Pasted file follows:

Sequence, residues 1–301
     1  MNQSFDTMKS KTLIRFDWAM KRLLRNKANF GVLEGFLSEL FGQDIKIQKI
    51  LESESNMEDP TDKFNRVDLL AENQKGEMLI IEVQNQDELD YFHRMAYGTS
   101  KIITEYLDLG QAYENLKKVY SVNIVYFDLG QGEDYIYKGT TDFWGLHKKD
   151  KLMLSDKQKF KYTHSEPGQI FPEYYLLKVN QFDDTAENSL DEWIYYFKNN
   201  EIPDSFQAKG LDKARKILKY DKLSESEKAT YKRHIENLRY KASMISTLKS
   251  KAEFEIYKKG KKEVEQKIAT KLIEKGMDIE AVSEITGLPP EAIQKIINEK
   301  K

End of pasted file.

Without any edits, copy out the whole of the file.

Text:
Sequence, residues 1–301
     1  MNQSFDTMKS KTLIRFDWAM KRLLRNKANF GVLEGFLSEL FGQDIKIQKI
    51  LESESNMEDP TDKFNRVDLL AENQKGEMLI IEVQNQDELD YFHRMAYGTS
   101  KIITEYLDLG QAYENLKKVY SVNIVYFDLG QGEDYIYKGT TDFWGLHKKD
   151  KLMLSDKQKF KYTHSEPGQI FPEYYLLKVN QFDDTAENSL DEWIYYFKNN
   201  EIPDSFQAKG LDKARKILKY DKLSESEKAT YKRHIENLRY KASMISTLKS
   251  KAEFEIYKKG KKEVEQKIAT KLIEKGMDIE AVSEITGLPP EAIQKIINEK
   301  K